I’m just picturing stopping for lunch… you aren’t really setting up a full camp, and nobody is really spending checks or setting up tents or anything. You just make a quick fire and heat up some soup. Doesn’t seem unreasonable… though I suppose usually stopping for lunch means pulling out some preserved rations and munching on your trail mix as you walk, but then that wouldn’t take a turn would it?

edit: also, this is a completely different conversation now, my bad

When we were out at Castle Erobring, we drank nothing but rainwater for weeks. Beren was sick for months after that. Fortunately, I started that adventure sick, so I couldn’t get any sicker!


PS this is in the running for my favorite thread to date.
PPS cooking is a camp activity. Come on.

By the letter of the rules, you could - if you’re sick, something that could make you sick can instead make you dead…

See page 78:

Additionally, while sick, a character is at risk. At his discretion,
the GM may apply the dead condition to any sick character as
the result of a failed test involving sickness, disease, poison,
madness or grief. The GM is obligated to inform the player
that death is on the line before the player rolls the dice.

Whomever was GMing was being nice, or the wording above wasn’t yet fixed… :slight_smile:

You see that, Thor? Aramis called you a nice GM. The truth is out there, my friend.

I’ve always maintained that I’m a nice GM. It’s only my players that say I’m the devil incarnate.

“Death is a mercy”?

I could certainly live with that. It doesn’t seem like it would take more time or leave you as any more of a sitting duck than filling in a ten foot deep pit trap with dirt using a laborer test, but I suppose it’s a more leisurely type of activity. Is there a list somewhere of camp skills vs. adventure skills (or uses of those skills) or is it meant to be obvious? Is there a heuristic you use for making the distinction? (not trying to be difficult though I must admit that I am testing boundaries to see where they are hard or soft)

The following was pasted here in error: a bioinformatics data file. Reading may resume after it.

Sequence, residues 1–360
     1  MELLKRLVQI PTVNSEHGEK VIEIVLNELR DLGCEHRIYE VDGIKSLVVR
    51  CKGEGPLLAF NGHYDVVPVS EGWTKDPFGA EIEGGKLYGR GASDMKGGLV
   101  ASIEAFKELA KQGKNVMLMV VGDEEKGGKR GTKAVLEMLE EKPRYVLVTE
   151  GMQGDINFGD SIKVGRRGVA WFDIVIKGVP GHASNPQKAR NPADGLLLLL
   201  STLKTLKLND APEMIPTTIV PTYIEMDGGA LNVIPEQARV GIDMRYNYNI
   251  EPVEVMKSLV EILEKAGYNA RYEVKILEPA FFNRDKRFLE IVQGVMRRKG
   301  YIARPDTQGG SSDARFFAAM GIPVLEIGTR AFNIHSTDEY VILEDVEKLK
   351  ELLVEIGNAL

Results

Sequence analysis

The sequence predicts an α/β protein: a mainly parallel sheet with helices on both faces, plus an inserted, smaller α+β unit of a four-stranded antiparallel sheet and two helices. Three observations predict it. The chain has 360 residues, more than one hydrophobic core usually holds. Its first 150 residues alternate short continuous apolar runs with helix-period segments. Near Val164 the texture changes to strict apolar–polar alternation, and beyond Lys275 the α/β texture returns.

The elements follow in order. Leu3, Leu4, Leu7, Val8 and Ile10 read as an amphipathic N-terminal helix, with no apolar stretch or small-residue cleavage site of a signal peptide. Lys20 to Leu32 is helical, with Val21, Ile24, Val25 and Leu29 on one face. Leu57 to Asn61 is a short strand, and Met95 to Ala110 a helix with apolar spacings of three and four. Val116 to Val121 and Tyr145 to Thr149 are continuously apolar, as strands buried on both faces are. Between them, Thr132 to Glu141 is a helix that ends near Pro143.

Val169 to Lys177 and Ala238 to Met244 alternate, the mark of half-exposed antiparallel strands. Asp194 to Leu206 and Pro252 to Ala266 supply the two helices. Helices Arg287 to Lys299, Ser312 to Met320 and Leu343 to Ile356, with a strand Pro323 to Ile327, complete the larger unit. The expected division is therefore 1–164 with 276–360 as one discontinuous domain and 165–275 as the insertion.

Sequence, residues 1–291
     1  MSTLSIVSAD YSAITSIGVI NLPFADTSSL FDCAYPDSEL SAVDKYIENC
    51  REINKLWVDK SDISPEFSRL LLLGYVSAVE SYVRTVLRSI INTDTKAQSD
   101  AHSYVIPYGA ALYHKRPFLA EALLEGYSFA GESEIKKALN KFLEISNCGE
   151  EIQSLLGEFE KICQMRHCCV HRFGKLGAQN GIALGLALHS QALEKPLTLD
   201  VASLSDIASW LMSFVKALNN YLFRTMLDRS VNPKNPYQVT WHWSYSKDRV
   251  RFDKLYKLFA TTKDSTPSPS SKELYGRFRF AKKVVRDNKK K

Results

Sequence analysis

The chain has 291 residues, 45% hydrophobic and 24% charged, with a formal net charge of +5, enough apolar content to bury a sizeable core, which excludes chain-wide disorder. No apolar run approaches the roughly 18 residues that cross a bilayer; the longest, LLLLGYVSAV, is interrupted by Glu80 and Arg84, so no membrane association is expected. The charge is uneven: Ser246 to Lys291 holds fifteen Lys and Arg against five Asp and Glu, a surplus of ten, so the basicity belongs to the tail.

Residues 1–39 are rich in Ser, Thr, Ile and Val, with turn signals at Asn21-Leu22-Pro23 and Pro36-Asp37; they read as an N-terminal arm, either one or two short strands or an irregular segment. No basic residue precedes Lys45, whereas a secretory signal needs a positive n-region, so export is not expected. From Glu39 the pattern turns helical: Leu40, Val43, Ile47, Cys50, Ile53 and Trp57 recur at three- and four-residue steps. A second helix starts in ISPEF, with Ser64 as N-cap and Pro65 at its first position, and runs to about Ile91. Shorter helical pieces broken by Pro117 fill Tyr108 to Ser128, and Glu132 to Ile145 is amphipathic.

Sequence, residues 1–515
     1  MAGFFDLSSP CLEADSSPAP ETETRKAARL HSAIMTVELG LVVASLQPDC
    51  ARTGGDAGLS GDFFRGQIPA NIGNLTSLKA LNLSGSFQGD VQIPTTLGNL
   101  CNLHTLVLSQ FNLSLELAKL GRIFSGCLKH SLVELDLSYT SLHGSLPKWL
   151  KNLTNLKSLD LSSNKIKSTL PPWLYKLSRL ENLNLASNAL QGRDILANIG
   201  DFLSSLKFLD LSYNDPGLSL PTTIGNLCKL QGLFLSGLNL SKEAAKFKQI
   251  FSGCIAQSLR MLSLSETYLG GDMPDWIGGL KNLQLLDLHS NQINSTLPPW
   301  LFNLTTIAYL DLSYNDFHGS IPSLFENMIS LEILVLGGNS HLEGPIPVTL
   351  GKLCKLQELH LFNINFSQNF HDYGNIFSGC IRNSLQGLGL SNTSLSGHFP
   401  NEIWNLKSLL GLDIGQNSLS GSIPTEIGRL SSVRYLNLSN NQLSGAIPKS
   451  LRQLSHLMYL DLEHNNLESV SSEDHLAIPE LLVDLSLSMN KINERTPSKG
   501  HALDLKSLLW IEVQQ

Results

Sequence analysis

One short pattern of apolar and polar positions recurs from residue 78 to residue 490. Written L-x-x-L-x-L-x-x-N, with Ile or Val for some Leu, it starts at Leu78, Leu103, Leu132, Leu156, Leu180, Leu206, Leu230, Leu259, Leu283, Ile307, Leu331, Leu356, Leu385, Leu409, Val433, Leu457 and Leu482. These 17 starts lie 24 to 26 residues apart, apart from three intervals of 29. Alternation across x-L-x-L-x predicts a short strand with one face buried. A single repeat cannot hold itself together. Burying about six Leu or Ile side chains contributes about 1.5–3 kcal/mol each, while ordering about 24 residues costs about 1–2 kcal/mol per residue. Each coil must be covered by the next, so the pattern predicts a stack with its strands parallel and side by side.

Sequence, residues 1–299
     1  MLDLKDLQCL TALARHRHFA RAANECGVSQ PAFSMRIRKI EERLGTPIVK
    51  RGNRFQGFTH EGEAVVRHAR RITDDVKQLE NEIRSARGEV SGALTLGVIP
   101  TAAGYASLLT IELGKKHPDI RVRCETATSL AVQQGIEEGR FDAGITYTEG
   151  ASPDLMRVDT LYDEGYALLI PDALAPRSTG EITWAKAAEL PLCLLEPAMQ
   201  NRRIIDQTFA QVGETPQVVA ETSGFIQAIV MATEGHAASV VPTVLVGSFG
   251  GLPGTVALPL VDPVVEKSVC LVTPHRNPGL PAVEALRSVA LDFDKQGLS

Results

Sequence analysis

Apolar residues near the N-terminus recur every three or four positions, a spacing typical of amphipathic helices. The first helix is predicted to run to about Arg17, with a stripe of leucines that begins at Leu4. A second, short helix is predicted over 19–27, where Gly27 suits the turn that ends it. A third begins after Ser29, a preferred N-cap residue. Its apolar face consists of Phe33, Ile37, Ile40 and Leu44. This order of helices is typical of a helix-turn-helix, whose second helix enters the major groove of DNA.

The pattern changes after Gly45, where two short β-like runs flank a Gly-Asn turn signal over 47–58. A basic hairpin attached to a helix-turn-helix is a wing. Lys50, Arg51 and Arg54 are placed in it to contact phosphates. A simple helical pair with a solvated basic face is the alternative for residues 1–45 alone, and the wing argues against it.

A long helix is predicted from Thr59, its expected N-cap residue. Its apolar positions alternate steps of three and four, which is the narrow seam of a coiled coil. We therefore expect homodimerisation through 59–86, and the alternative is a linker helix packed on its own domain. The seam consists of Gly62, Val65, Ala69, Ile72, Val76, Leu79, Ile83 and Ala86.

eta: I think the thing that throws me off the most is that it doesn’t seem to be a time issue or a safety issues since there are plenty of adventure tests that require a great deal of time unmolested (like that laborer test). I suppose it may be a recovery issue related to theme… that allowing recovery activities during adventure sucks the life out of the feeling of desperation. Then again, you can use recovery magic during the adventure phase… so where does that leave things? Magic is exceptional and breaks the normal rules anyway?

I demand rules for Cooking conflicts!

They way I’m reading it:

Is it something you are normally/must be doing in/around a campsite? Is it a Test to “recover, reequip and rest” (Spending Checks, pg 83)? Camp phase!

Biting off a piece of bread or drinking water to get rid of Hungry & Thirsty doesn’t require a Test, thus why it does not require Camp phase.

Then again, you can use recovery magic during the adventure phase… so where does that leave things? Magic is exceptional and breaks the normal rules anyway?

Pretty much. Magic is fast. Costs no Turns (or Checks or Lifestyle) to use. It is like breathing.